Sleep Deprivation in the Fire Service

Addicted to Awake: Sleep Deprivation in the Fire Service

By Jacqueline and Sean Toomey

Firefighter health should not be “collateral damage” from a career on the job. The inadvertent destruction from being addicted to awake is one of the greatest threats that firefighters face today. Recently, a chief told me he didn’t know if his members thought the topic of sleep was information worth learning. All I had to ask was, “Did you know sleep deprivation is medically linked to the leading killers of firefighters including heart attack, cancer, and suicide?” Let’s remember the time firefighters weren’t interested in wearing self-contained breathing apparatus, turning in gear to be washed for cancer prevention, or quitting the era of smoking in the firehouse. This speaks volumes to our resistance toward firefighter health and wellness. It is our chiefs’ responsibility to pave the way for valuable information and trainings to reach the department, which will have a lasting impact on their members’ lives.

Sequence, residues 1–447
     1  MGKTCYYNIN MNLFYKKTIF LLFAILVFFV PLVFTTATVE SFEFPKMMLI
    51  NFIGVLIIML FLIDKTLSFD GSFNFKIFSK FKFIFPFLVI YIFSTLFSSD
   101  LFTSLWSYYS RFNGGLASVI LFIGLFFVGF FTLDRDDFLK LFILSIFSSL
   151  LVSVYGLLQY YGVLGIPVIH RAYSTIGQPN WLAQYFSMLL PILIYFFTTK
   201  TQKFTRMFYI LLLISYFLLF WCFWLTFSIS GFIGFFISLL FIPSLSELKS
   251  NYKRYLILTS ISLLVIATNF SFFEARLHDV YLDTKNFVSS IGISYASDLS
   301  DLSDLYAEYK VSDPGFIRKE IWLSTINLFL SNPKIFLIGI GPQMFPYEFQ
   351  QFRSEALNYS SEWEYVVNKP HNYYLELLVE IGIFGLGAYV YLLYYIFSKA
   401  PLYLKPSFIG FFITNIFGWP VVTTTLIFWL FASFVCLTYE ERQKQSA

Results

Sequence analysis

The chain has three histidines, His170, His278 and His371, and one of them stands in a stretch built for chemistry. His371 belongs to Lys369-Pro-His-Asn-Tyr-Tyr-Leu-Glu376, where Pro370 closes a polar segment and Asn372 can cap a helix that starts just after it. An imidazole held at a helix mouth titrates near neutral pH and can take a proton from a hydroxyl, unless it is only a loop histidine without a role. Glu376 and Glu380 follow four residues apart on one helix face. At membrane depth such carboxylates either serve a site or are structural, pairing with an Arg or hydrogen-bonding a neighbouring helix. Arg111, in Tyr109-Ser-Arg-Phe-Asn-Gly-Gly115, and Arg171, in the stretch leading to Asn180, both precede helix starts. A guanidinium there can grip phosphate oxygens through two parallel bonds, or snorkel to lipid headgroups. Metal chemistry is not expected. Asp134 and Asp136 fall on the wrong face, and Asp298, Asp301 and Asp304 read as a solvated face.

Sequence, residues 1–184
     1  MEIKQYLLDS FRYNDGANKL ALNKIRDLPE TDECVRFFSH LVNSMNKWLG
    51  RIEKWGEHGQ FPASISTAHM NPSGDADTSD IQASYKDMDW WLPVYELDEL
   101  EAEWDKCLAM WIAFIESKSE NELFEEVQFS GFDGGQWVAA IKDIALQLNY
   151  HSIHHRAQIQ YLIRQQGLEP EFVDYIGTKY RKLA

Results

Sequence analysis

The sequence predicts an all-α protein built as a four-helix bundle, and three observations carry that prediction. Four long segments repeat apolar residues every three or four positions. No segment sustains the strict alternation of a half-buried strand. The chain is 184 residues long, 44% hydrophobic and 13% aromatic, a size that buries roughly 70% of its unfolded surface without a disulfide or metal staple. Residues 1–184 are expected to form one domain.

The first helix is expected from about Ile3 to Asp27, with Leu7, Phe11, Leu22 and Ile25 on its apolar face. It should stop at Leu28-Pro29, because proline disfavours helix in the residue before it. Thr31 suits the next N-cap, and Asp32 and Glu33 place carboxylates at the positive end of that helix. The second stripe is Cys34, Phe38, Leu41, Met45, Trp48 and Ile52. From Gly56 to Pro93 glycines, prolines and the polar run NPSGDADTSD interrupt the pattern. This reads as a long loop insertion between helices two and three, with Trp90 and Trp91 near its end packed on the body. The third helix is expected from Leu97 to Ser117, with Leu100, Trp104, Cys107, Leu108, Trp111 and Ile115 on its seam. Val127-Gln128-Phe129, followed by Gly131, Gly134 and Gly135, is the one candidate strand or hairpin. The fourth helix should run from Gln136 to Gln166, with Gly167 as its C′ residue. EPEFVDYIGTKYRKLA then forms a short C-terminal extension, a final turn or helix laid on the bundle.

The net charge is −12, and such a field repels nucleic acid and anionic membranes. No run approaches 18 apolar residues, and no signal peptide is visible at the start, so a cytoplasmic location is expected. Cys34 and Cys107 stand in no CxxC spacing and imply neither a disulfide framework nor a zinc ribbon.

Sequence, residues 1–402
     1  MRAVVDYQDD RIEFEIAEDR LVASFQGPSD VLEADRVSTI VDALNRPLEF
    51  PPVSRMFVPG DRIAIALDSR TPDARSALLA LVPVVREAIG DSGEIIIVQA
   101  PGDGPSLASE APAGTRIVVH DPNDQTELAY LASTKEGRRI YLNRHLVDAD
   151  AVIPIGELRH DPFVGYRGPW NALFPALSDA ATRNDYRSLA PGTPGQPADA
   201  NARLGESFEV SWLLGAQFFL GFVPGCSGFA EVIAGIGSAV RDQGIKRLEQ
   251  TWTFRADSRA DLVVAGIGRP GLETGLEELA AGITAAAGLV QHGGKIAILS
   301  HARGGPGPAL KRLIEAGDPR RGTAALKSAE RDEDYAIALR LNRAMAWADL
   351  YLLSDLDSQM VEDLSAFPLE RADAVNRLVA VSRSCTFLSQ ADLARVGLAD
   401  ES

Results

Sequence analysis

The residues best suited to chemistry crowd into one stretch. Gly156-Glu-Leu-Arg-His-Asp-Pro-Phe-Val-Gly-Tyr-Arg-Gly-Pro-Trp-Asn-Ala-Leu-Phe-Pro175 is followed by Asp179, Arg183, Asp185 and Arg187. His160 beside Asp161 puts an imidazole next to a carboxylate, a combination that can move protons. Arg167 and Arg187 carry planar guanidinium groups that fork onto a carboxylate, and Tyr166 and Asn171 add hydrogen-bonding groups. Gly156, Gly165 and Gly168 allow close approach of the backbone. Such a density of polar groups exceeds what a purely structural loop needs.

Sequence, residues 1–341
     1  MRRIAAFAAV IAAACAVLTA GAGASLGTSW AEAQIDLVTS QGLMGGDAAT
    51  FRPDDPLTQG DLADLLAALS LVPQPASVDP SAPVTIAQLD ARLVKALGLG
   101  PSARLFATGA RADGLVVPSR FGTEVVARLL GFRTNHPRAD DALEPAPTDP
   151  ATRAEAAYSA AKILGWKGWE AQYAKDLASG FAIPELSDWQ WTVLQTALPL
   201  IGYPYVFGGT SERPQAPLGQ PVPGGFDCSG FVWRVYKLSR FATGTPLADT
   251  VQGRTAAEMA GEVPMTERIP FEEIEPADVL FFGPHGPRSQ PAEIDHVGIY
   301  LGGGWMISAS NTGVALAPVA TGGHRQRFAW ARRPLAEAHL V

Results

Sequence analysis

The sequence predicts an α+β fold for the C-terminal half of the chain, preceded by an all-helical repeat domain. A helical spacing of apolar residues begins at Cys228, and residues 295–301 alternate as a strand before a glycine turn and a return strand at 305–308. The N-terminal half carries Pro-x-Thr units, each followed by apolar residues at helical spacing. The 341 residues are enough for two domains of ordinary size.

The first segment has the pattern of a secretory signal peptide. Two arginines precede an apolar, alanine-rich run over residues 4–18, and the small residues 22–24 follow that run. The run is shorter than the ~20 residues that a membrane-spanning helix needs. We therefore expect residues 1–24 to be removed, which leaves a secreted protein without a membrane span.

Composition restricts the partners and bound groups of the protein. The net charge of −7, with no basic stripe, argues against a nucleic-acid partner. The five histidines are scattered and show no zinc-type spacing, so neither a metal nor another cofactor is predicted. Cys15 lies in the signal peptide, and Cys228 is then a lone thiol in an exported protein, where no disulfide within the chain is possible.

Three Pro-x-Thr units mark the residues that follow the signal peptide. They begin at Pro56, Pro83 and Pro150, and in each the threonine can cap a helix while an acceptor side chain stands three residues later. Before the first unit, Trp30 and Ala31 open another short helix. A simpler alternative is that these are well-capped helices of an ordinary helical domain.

Sleeping for Your Life

The hard truth is that almost 40 percent of firefighters suffer from a sleep disorder. According to a screening of 6,933 firefighters, 80 percent of those who tested positive had no prior awareness or previous diagnosis of their condition. This one study, conducted by Laura K. Barger, Ph.D., instructor in medicine at Harvard Medical School, alone may have saved 2,219 firefighter lives! Whether firefighters have interest in learning about sleep doesn’t change the dire matter: sleep deficiency is a health-wrecking problem that needs to be addressed. Once we acknowledge the problem, we can implement solutions to mitigate sleep deprivation and lower the risks for heart attack, cancer, and more.

Normalizing chronic sleep loss is a mortal addiction; it is taking out our members one life at a time. A chronic lack of sleep contributes to various biological changes that ultimately lead to disease development, independent of primary sleep disorders. Dr. Faith S. Luyster of the American Academy of Sleep Medicine and Sleep Research Society states that chronic sleep deficiency is causal in the development and exacerbation of cardiovascular and metabolic diseases and, ultimately, a shortened life span. Let’s bring to light to this fatal issue to create a call to action to initiate a direct conversation that, no matter what rank you serve as, challenges the status quo on how sleep is undervalued in the world of firefighting and the real things we can do to improve it.

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